LET’S COME TO A DISAGREEMENT: EXPANDING REPLAY REVIEW

November 11, 2015
M-SportsFans

SHOULD JUDGMENT CALLS/PENALTIES BE SUBJECT TO REPLAY REVIEW IN FOOTBALL?

STEPHEN KENNEY
Judgment calls are still based upon perception, and a second look will often change our perception.  I might say that a receiver went out of bounds voluntarily because of what I saw.  A replay might show me something I did not see Thus my judgment would change based upon what I saw.

I do not believe “judgment calls” should be reversed based upon anything other than changed perception.  “I thought he went out of bounds intentionally but on replay, I see the shove” v. “I thought he went out of bounds intentionally, but the more I think about it….”
NICHOLAS PATRICK
Nearly all calls should be subject to replay review in football, including most judgment calls and penalties. Expanding replay in this way raises two main concerns, but both concerns are easily tempered:
1. Expansion of replay will lead to an excessive number of stoppages in play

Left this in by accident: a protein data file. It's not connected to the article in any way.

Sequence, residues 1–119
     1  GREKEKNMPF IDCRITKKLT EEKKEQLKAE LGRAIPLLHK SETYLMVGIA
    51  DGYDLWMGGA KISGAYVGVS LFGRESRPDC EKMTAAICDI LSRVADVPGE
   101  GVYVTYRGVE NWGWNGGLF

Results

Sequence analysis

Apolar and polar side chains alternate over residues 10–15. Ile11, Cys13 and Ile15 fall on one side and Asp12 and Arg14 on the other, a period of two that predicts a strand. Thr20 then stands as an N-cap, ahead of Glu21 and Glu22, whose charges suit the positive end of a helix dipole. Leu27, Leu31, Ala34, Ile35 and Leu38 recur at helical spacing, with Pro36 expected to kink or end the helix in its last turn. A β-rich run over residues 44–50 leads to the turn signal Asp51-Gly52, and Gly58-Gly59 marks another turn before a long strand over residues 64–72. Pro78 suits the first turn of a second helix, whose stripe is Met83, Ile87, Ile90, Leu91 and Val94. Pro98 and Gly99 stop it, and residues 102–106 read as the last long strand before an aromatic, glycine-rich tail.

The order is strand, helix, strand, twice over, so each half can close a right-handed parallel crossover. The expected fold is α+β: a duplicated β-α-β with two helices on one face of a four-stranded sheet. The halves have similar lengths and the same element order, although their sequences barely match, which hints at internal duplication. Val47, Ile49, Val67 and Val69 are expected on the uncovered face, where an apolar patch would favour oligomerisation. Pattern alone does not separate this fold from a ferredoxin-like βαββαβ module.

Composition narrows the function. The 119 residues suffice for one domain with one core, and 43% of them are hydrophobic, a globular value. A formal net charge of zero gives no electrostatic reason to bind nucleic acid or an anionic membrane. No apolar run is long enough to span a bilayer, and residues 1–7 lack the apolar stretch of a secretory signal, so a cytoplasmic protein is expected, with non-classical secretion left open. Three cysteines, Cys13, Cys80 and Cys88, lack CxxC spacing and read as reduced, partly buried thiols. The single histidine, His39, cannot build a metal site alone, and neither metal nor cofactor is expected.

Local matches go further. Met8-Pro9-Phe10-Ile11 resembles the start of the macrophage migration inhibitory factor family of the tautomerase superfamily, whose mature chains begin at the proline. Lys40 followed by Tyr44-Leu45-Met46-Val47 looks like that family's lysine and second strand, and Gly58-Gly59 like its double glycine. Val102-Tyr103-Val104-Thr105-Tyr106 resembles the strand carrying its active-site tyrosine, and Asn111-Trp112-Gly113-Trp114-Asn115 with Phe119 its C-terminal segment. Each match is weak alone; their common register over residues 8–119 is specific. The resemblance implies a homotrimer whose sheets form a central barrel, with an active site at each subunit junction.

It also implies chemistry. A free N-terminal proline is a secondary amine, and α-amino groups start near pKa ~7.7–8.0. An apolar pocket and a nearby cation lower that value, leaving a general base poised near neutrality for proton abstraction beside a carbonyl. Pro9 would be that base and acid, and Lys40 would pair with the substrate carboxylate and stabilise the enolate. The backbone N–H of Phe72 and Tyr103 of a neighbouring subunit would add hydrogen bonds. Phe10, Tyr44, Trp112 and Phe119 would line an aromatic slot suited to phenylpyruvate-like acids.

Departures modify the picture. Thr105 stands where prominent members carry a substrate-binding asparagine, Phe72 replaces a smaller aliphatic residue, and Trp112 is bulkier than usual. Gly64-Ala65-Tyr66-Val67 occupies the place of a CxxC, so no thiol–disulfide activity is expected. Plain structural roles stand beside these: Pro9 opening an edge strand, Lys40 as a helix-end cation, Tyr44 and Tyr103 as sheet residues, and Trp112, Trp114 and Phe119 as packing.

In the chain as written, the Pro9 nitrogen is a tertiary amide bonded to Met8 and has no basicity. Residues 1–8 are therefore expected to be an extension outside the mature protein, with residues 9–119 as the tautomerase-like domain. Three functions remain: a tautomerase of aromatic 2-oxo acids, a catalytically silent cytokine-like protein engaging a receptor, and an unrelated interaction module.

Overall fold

As long as the NFL continues to limit the number of challenges allowed, this shouldn’t be a concern. This type of system (expanded replay with limited challenges) would, however, add pressure for coaches to make tough choices regarding challenges, but that’s not necessarily good or bad.

2. Replay review is not conducive to making judgment calls, which are too subjective

The NFL trusts referees to make judgment calls all the time during live action. Why shouldn’t they trust referees to make judgment calls during replay reviews? I understand that many calls are open to interpretation – that one could watch a replay dozens of times and still not be certain of the appropriate ruling – but the NFL can eliminate this concern by simply maintaining its high standard of proof (“indisputable visual evidence”).

And let’s not pretend that judgment calls/penalties are the only calls open to interpretation. One supposedly straightforward call in particular – determining whether a pass/catch is complete – has proven to be far more difficult to interpret than a number of judgment calls/penalties.

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